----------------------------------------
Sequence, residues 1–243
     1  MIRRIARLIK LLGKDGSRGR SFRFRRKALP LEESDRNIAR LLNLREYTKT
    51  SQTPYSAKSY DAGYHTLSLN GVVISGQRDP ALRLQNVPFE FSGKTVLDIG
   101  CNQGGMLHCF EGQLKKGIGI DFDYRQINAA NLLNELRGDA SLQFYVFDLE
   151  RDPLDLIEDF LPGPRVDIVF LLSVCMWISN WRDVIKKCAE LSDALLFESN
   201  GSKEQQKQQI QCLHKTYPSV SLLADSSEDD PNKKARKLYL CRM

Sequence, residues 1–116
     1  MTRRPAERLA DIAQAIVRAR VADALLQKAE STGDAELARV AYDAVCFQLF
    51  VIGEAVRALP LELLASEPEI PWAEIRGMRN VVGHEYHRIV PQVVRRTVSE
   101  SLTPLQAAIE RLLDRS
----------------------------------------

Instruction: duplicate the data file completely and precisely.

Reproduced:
Sequence, residues 1–243
     1  MIRRIARLIK LLGKDGSRGR SFRFRRKALP LEESDRNIAR LLNLREYTKT
    51  SQTPYSAKSY DAGYHTLSLN GVVISGQRDP ALRLQNVPFE FSGKTVLDIG
   101  CNQGGMLHCF EGQLKKGIGI DFDYRQINAA NLLNELRGDA SLQFYVFDLE
   151  RDPLDLIEDF LPGPRVDIVF LLSVCMWISN WRDVIKKCAE LSDALLFESN
   201  GSKEQQKQQI QCLHKTYPSV SLLADSSEDD PNKKARKLYL CRM

Sequence, residues 1–116
     1  MTRRPAERLA DIAQAIVRAR VADALLQKAE STGDAELARV AYDAVCFQLF
    51  VIGEAVRALP LELLASEPEI PWAEIRGMRN VVGHEYHRIV PQVVRRTVSE
   101  SLTPLQAAIE RLLDRS